A three-year winning streak for sales of previously owned homes in the U.S. ended in 2014 as some investors stepped out of the market and first-time buyers failed to fill the void.
Purchases totaled 4.93 million last year, down 3.1 percent from the 5.09 million houses sold in 2013, figures from the National Association of Realtors showed Friday in Washington.
The share of American homebuyers making their first purchase dropped in 2014 to its lowest level in almost three decades, according to the Realtors group. At the same time, employment gains, growing consumer confidence, mortgage rates at historically low levels and government efforts to lower purchasing costs probably will help bolster demand in 2015.
“Demand has been pretty sideways,” said Jay Feldman, an economist at Credit Suisse in New York. “There are various positives and I don’t see any big negatives for housing. The improving labor market and low mortgage rates will support the housing recovery.”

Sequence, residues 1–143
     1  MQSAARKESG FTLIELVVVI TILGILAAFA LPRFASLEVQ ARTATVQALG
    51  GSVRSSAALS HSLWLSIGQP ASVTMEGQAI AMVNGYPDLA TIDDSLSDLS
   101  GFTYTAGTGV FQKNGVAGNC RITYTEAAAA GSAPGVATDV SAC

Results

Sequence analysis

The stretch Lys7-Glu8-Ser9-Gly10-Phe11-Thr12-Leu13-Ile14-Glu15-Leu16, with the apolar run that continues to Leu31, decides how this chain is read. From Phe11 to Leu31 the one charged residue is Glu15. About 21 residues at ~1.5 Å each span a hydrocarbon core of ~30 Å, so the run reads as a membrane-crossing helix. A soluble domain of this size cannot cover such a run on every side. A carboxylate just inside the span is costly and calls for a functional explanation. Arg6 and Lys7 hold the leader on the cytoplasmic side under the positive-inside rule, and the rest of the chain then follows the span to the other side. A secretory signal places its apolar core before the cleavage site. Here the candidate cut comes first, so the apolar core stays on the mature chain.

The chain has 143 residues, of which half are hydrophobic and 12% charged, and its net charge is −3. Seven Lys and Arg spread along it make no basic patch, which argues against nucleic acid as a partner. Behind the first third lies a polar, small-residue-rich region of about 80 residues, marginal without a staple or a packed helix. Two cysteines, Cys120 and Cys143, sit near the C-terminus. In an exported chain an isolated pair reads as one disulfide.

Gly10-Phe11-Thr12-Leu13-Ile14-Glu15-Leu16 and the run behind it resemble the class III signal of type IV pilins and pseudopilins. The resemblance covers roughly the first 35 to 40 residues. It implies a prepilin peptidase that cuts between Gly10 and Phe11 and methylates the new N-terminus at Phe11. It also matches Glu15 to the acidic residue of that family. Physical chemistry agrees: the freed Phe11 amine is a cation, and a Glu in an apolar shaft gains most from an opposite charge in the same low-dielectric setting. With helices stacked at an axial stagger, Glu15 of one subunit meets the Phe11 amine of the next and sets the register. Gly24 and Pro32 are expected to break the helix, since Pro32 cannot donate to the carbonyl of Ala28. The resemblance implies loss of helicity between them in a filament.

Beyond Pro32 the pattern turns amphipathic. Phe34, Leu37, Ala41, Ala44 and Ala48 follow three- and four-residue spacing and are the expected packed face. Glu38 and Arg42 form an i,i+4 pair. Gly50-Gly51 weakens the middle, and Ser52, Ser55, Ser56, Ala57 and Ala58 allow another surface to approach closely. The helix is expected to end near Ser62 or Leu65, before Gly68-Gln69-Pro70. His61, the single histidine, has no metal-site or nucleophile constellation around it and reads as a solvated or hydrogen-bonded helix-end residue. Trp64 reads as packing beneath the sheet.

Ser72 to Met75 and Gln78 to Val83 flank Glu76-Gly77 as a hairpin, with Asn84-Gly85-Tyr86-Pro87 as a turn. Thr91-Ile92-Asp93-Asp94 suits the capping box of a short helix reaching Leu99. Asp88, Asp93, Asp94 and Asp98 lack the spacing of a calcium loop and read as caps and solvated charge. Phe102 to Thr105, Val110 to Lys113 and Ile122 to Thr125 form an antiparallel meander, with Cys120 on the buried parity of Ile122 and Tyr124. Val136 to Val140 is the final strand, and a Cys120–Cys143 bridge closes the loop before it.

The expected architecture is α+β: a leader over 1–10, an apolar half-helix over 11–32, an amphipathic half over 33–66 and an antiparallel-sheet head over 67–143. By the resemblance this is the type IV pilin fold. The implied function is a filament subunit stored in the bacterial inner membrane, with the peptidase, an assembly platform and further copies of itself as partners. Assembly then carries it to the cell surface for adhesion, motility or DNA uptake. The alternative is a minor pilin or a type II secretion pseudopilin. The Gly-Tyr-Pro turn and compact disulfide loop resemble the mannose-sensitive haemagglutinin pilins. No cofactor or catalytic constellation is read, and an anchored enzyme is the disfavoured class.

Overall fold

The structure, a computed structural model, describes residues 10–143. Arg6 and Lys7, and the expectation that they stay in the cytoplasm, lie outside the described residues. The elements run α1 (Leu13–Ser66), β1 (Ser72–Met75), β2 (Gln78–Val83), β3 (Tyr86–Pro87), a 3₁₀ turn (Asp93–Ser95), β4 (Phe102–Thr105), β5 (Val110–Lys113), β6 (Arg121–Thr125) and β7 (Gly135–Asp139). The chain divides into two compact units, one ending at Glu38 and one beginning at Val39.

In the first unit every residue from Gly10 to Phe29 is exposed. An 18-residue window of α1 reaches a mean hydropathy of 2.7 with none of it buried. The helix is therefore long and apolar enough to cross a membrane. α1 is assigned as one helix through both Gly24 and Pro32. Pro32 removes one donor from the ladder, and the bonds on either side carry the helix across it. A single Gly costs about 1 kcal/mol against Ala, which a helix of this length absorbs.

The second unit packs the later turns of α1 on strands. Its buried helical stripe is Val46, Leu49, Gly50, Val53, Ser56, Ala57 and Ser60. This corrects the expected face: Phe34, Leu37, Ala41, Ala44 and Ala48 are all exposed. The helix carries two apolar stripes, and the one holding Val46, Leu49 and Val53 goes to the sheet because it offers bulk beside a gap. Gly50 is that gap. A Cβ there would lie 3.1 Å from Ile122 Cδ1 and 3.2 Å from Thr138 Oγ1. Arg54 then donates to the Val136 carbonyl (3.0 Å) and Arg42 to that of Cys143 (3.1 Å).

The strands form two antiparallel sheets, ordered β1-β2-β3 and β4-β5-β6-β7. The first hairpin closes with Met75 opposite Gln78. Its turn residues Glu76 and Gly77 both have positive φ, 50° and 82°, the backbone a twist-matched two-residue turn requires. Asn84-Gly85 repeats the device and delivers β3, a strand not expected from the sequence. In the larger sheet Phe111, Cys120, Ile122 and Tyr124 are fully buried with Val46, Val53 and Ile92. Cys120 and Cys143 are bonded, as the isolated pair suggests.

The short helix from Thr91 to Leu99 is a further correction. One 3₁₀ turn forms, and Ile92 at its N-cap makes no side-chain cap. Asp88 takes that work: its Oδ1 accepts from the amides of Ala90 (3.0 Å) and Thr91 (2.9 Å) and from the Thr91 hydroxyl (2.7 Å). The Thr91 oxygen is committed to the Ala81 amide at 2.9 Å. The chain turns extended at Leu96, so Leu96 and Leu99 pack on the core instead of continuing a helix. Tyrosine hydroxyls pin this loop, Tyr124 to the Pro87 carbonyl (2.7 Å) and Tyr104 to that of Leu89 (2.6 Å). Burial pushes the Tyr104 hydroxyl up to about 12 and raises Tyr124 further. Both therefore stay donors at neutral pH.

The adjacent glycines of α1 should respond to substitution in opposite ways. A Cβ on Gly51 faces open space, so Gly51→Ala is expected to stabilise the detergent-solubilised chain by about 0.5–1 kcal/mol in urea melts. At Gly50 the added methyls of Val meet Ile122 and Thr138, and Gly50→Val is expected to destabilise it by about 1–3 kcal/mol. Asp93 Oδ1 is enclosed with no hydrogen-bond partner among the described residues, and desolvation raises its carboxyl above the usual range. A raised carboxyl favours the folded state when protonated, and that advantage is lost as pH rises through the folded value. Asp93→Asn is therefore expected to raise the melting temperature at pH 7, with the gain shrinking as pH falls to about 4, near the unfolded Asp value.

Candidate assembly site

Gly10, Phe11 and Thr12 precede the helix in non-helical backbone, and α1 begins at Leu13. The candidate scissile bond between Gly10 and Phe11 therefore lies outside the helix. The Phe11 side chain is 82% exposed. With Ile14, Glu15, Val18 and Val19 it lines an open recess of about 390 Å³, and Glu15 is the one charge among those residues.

Purchases climbed a less-than-forecast 2.4 percent in December from the prior month to a 5.04 million annual rate, the report showed.
The median forecast of 76 economists in a Bloomberg survey called for sales of previously owned homes to rise to a 5.08 million pace in December. Estimates ranged from 4.93 million to 5.25 million. The November reading was revised down to 4.92 million from a previously reported 4.93 million.
First-time buyers accounted for 29 percent of all purchases in December, down from 31 percent a month earlier, the report showed. A separate survey from the group showed they made up 33 percent for all of 2014, the fewest since 1987.
“First-time buyers are still missing in action,” Lawrence Yun, NAR chief economist, said at a news conference today as the figures were released. The market in 2014 was “mildly disappointing.”
Falling interest rates, more jobs and higher levels of confidence indicate “pent-up demand continues to build,” he said. “2015 should be a better year.”
A lack of supply and rising prices are probably among reasons younger and first-time buyers have yet to enter the market. Those issues are also driving out investors, who led the early stages of the recovery.
The median price of an existing home advanced 6 percent in December from the same period a year earlier, to $209,500, the Realtors’ report showed. In 2014, it was the highest in seven years.
The number of previously owned homes on the market fell to 1.85 million, the second-smallest reading for any December since 1999.